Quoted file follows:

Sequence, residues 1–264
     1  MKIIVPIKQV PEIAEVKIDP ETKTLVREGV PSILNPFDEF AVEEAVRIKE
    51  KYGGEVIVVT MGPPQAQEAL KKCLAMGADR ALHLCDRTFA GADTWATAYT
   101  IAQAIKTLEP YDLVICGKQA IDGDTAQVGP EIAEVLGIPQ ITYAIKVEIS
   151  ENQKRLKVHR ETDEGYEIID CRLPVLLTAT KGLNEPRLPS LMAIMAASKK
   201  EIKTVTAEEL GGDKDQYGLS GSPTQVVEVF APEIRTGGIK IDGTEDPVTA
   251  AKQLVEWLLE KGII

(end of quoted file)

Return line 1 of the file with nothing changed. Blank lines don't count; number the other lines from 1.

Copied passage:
Sequence, residues 1–264